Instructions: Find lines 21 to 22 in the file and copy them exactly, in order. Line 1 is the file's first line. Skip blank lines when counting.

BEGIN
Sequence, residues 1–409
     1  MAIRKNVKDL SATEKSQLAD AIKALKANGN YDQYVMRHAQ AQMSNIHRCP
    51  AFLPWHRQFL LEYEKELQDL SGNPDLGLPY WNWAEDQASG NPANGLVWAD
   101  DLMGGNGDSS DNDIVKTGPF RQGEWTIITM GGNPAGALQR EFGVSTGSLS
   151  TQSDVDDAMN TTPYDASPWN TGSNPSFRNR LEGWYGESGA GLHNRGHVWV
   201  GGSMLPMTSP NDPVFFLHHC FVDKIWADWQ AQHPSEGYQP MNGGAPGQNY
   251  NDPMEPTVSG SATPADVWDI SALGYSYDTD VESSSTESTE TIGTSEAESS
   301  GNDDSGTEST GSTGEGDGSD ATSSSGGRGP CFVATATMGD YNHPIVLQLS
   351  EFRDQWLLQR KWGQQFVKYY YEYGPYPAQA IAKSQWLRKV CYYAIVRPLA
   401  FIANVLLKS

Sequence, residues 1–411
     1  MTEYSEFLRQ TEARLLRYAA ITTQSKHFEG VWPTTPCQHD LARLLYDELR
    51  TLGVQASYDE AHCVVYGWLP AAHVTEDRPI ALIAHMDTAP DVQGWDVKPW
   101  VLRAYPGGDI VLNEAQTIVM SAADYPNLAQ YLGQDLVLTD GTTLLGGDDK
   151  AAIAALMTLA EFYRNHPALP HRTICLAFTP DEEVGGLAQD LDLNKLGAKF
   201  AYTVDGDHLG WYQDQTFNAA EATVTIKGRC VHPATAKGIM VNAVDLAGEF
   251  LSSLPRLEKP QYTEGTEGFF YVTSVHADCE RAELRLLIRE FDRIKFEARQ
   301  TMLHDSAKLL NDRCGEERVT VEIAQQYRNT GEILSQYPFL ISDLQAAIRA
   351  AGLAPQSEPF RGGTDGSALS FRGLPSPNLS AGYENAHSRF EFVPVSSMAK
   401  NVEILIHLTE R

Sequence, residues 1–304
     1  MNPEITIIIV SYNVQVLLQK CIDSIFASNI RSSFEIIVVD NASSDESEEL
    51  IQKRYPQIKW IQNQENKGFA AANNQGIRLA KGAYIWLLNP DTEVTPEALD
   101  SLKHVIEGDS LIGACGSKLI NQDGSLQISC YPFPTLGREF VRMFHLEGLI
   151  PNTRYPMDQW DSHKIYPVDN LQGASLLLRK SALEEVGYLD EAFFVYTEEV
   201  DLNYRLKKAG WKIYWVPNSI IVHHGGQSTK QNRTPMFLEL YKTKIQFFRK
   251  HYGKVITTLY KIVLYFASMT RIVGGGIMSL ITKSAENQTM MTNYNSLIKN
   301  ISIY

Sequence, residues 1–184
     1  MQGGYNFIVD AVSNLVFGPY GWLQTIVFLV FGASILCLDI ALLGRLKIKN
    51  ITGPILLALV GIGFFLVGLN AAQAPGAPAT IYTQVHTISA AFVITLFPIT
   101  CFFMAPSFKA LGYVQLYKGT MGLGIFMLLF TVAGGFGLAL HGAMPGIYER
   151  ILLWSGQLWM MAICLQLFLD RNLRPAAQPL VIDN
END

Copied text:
Sequence, residues 1–304
     1  MNPEITIIIV SYNVQVLLQK CIDSIFASNI RSSFEIIVVD NASSDESEEL